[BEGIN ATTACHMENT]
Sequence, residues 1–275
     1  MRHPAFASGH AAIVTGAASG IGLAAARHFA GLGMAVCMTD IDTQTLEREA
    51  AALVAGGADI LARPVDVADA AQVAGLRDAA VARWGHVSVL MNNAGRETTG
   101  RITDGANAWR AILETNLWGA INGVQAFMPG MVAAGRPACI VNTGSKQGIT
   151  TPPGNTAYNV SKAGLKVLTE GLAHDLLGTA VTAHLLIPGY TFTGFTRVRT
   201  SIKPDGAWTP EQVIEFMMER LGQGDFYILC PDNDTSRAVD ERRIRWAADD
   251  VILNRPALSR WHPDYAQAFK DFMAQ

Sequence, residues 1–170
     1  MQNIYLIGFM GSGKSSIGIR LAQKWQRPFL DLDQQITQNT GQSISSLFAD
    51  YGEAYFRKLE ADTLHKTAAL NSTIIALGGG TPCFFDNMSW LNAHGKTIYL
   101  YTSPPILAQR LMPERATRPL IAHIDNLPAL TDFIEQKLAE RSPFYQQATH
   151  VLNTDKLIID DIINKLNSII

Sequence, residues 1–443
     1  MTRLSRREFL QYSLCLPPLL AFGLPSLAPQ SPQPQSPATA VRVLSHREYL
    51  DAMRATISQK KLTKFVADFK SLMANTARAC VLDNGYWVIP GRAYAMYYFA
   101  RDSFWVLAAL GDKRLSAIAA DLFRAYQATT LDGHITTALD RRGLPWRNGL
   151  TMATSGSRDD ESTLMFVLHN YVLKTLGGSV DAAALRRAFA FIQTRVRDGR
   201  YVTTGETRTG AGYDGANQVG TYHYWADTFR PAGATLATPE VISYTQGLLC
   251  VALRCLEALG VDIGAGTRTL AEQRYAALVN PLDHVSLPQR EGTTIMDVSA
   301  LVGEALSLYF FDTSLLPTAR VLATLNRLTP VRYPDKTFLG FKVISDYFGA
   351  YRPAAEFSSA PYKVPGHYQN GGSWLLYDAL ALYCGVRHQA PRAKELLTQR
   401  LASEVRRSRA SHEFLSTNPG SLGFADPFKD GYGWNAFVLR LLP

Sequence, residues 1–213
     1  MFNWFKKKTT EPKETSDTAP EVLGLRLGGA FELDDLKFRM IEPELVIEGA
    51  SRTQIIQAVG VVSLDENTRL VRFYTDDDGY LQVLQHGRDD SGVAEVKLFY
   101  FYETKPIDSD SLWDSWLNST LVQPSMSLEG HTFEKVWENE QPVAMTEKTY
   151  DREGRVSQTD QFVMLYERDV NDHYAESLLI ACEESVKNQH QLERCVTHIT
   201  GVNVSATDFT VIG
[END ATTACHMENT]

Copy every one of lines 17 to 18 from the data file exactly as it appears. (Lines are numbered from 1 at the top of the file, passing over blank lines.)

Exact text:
   151  TMATSGSRDD ESTLMFVLHN YVLKTLGGSV DAAALRRAFA FIQTRVRDGR
   201  YVTTGETRTG AGYDGANQVG TYHYWADTFR PAGATLATPE VISYTQGLLC